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Infected Eczema: What to do?

Eczema is an inflammatory skin disease that affects infants, children, and adults alike. It can be caused by internal factors, such as heredity, or external ones, like pollution or dust. In some cases, eczema can become infected and lead to complications. What should one do when this happens?

Published February 7, 2024, by Pauline, Head of Scientific Communication — 5 min read

What does infected eczema look like?

Dermatitis, or eczema, is typically characterized by four distinct phases. Initially, red and warm patches appear, causing intense itching. A few hours later, small blisters emerge while the itching continues. Subsequently, small yellowish crusts form and fall off within a few days. Finally, the lesions, red and smooth, are covered with small flakes. These lesions may eventually disappear or persist in a chronic form accompanied by abnormal skin dryness.

In most cases, eczema does not pose a health risk. Indeed, it is a disease that can significantly impact the daily lives of those who suffer from it, whether due to itching or the appearance of their skin, but it does not represent a vital threat. However, there are times when eczema can progress to a more severe form and become infected. This can occur when wounds open due to frantic scratching. Since hands are not always clean, this promotes infection. Among the most common infections, we find:

  • Herpes Simplex : An infection by the herpes virus can be suspected when eczema redness is accompanied by small bumps. Antiviral treatment is then necessary.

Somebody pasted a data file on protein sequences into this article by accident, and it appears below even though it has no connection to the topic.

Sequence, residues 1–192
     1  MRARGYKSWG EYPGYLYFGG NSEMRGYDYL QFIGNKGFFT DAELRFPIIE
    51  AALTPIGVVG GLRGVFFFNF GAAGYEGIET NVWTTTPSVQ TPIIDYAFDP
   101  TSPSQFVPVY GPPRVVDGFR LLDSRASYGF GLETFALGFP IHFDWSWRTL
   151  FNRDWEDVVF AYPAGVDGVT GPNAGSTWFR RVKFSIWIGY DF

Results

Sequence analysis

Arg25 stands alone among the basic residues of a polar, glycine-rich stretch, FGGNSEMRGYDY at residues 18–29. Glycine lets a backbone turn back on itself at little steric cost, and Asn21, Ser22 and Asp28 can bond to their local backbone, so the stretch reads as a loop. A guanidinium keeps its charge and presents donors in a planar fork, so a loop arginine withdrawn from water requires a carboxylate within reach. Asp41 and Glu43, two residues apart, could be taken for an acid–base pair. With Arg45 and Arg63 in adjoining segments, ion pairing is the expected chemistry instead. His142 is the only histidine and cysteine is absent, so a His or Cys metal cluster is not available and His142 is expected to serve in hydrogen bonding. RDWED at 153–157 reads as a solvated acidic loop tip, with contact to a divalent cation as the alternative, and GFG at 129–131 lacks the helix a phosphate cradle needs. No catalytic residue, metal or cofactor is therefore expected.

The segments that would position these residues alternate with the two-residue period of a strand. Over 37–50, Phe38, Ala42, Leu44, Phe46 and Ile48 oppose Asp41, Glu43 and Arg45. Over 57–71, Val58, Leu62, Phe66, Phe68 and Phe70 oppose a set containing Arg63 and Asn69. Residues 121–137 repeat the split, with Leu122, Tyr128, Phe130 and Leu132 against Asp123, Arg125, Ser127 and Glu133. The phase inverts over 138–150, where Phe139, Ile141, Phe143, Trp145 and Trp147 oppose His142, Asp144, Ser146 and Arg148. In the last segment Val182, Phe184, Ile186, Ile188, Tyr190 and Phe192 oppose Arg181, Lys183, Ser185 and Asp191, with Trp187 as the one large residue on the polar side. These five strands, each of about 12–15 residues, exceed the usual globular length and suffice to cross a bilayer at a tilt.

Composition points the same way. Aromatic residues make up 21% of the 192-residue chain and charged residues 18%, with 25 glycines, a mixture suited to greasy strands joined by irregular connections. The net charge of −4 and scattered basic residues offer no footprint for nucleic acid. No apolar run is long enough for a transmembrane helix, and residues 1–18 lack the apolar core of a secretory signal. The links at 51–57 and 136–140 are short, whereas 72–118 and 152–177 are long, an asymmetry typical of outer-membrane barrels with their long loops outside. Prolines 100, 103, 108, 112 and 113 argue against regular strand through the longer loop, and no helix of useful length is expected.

• The golden staph (Staphylococcus aureus): Infections caused by this microbe exacerbate the spread of eczema and make it difficult to heal. Golden staph infections are recognized by the oozing and yellow crusts they cause. An antibiotic treatment is then prescribed.

  • The Candida albicans: this fungus is responsible for superinfections that can worsen eczema. Oral intake or topical application of antifungal agents can help to eliminate it.

What to do when eczema becomes infected?

An infected eczema is not to be taken lightly and can lead to numerous complications, even hospitalization in the most severe cases. To avoid reaching this stage, it is imperative to consult a dermatologist as soon as you notice that your eczema is itching more than usual, that the red patches are multiplying (generalized eczema), that they are changing color, or that they are starting to ooze. Depending on the type of infection (bacterial, viral, fungal...), the doctor will be able to prescribe an appropriate treatment. After the end of the infection, we recommend you to follow certain actions and precautions to avoid future complications.

  • Adherence to medical recommendations : It is crucial to follow the dermatologist's prescriptions, whether they involve the topical application of creams or the oral intake of medications (antibiotics, antivirals...). Indeed, corticosteroids sometimes inspire mistrust and are often applied in too small quantities or too late. For these to be fully effective and provide relief, it is necessary to use them from the onset of an eczema flare-up, when the itching begins to be felt and redness appears.

  • Daily skin hydration: individuals suffering from eczema need to hydrate their skin very frequently. Indeed, their skin tends to be constantly dry (xerosis), due to a fragile skin barrier that easily allows the evaporation of water from the skin. Therefore, it is recommended to apply at least once a day a emollient care. This can form a protective veil on the epidermis and compensate for the dysfunction of the skin's natural barrier, by limiting water loss.

  • Avoid scratching as much as possible : it's challenging, but scratching often leads to infections because it opens up eczema lesions and exposes them to bacteria carried by the hands. To alleviate itching, you can use thermal water or certain essential oils (such as tea tree, true lavender...). These ingredients have soothing properties and reduce sensations of itchiness.


  • GOLDENBERG G. & al. Eczema. The Mount Sinai Journal of Medicine (2011).

  • BORRADORI L. & al. Dermatologie et infections sexuellement transmissibles. Elsevier Masson (2017).


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